If you want some evidence about women and their proclivity for the "softer sciences", you need look no further than the popular press that is aimed at women, especially the genre that is aimed at the more educated women, and focuses on "health" and "well being". They are filled with advertisements from the pharma industry and articles about the latest "study" that shows that you will live longer, lose weight, have a better relationship, or have better skin if you just include some particular nutraceutical/food in your diet, or alternatively, if you avoid some particular food. These magazines feed on soft science in that they depend on the results of studies that meet no statistical significance test, and are about making women "feel better" about themselves.

If they help some women, then more power to them. However, I don't think you will see many male scientists who take anything in them seriously.

billm99uk

Reminds me of the point Michael Shermer made in "Why People Believe Weird Things" that while women and men are both equally represented among avid believers in the pseudosciences, they tend to each go for different types of pseudoscience. Thus, while Paul is stuck in a lift with a bunch of psychotic female palm-readers there are meetings of creationists, Holocaust "revisionists" or UFOlogists out there where barely any women will be seen at all. At least so says Shermer and I don't feel much like doing the research to prove him wrong. I guess Holocaust denial isn't "fluffy" enough for the poor dears....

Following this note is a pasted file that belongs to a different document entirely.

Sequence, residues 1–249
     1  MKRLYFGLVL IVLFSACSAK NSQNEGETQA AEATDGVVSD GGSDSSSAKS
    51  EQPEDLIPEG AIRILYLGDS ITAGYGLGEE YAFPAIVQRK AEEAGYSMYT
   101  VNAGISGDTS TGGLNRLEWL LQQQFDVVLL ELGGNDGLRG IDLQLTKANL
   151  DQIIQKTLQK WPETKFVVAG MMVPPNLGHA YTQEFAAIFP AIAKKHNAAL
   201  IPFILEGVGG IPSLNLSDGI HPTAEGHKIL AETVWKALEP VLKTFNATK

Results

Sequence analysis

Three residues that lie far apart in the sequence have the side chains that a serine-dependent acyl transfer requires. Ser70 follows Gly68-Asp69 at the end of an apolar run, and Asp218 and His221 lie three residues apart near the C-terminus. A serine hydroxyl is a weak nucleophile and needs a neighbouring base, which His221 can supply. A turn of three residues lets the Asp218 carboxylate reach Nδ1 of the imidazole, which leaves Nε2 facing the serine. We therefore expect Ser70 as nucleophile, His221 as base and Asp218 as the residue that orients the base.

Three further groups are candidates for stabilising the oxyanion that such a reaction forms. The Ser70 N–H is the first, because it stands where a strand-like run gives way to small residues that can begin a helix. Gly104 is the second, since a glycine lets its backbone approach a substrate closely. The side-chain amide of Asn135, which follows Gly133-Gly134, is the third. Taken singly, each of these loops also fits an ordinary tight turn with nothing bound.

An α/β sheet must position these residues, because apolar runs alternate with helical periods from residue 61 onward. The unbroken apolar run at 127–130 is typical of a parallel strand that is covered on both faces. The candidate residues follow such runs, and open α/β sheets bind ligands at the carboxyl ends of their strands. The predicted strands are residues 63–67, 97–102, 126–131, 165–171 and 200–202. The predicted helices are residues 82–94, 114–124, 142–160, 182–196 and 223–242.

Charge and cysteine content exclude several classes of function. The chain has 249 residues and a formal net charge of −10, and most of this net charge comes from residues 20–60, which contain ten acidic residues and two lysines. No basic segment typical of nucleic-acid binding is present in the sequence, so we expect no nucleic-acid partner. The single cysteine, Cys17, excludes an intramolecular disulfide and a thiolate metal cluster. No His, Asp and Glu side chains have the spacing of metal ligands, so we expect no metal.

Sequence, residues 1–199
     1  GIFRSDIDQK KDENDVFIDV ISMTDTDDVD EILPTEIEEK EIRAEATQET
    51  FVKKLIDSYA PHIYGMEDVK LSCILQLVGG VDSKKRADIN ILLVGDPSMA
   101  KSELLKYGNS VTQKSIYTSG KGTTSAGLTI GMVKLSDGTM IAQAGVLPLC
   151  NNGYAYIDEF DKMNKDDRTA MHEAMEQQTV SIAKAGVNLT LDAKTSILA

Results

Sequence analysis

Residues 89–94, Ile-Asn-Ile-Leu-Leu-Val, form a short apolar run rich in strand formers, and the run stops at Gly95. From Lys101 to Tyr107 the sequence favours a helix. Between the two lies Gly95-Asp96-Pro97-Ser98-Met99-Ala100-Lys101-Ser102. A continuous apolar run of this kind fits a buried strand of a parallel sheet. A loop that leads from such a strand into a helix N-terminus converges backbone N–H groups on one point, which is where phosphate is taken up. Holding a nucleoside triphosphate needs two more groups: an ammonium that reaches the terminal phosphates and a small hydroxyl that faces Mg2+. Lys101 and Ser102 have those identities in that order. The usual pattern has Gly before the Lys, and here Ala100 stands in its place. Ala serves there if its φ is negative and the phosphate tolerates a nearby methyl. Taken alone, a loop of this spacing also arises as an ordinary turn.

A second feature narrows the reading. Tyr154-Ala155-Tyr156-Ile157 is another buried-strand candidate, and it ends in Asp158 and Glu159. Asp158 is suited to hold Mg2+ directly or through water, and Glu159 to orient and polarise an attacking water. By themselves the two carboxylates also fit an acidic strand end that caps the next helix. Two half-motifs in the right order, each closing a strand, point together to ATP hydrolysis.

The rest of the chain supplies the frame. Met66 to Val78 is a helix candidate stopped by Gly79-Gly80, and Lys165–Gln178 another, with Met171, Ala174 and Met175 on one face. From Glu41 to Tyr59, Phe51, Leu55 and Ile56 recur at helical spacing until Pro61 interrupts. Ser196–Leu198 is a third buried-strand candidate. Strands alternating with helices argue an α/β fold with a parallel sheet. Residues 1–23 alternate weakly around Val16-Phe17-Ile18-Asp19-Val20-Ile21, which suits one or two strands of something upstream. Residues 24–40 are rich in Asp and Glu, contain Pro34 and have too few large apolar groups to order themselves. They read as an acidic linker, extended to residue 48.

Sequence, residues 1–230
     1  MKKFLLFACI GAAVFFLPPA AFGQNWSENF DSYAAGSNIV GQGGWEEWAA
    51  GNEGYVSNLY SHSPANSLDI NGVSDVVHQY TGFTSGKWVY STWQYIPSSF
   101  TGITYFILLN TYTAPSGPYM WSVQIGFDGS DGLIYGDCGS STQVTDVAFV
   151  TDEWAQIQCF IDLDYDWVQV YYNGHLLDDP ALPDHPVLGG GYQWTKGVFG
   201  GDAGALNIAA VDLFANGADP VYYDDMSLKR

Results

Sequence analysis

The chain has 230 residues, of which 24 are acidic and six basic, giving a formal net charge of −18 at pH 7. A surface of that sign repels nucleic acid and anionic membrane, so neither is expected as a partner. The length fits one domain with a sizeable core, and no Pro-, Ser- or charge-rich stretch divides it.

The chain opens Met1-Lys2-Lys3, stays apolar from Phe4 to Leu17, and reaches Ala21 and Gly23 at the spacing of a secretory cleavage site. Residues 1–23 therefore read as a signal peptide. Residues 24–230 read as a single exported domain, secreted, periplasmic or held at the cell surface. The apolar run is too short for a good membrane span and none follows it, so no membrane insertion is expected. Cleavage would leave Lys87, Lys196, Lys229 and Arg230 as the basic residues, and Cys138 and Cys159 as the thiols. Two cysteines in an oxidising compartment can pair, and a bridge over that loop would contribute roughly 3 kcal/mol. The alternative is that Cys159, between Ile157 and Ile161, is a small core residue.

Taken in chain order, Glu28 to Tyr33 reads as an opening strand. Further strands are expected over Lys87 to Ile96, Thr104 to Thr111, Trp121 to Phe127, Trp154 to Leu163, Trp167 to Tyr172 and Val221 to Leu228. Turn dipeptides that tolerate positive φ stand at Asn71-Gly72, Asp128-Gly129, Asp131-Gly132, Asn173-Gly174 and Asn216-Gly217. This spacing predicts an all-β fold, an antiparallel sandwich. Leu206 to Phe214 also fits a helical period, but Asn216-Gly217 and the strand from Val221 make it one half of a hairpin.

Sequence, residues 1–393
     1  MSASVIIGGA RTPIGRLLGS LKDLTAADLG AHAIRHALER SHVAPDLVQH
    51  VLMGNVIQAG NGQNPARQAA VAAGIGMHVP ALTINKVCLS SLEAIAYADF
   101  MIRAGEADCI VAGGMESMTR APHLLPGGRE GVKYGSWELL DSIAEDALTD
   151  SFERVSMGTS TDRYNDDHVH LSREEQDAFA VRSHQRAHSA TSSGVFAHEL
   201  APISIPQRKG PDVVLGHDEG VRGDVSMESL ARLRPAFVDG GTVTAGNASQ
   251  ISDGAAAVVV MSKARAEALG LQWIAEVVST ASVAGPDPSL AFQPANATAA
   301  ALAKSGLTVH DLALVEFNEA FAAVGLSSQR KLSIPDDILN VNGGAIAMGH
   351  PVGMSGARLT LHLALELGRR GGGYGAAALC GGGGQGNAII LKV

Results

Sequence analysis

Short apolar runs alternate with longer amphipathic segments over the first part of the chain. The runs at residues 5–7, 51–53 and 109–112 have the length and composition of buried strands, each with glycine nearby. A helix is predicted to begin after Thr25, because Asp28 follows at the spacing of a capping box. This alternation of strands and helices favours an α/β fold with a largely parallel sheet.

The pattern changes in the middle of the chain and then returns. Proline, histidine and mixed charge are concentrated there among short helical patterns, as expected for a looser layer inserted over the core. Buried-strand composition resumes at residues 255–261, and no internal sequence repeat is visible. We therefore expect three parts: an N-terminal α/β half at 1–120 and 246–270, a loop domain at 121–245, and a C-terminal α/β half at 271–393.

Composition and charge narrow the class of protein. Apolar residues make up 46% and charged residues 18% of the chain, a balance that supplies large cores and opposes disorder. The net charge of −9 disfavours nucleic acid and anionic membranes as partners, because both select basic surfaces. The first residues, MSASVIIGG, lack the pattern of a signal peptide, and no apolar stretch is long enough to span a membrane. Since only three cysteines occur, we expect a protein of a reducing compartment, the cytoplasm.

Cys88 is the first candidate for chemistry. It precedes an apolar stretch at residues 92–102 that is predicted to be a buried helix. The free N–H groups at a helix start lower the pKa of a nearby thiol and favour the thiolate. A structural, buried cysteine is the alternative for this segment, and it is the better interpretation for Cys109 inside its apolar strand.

Mr Eugenides

This is just a joy from start to finish.

One question, though - and I know it's not very masculine to admit one's deficiencies - but what does "wholistically" mean?

David

Mr E,

I’m guessing it’s a variation of holism (as opposed to, say, reductionism). Though what weight that adds to the lady’s point isn’t clear to me.

http://en.wikipedia.org/wiki/Holism

Or perhaps it’s just a hippie codeword for “uterus” or “feelings” or “society” or something.

dicentra

"what does "wholistically" mean?"

Either it's a moronic spelling of "holistically," which already contains the meaning of "whole" (the two words do not share the same etymology), or it's Yet Another Academic Shibboleth to distinguish the Brahmans from the Untouchables.

Φ

"And the willingness to defer to evidence – as opposed to one’s own preferences – is the antithesis of fundamentalism, whether religious or political."

The implication here is that the essence of fundamentalism is adhering to one's own preferences in the teeth of the evidence.

But while I can't speak to "political" fundamentalism, I'm pretty sure that the essence of religious fundamentalism is adherence to the authority of specific religious texts. Such fundamentalists CAN be swayed by the evidence -- but that evidence must come from religious authority (i.e. textual) rather than scientific authority (i.e. experimental). This isn't quite the same thing as getting to believe what you want.

Charlotte Perkins Gilman

I think it's amazing that Larry Summers got run out of Harvard for being a mean old sexist for saying men's and women's brains may have different aptitudes in the sciences. Meanwhile at the bleeding edge of feminism, this chick is saying the same thing. If only Summers had used proper jargon, he'd still have a job.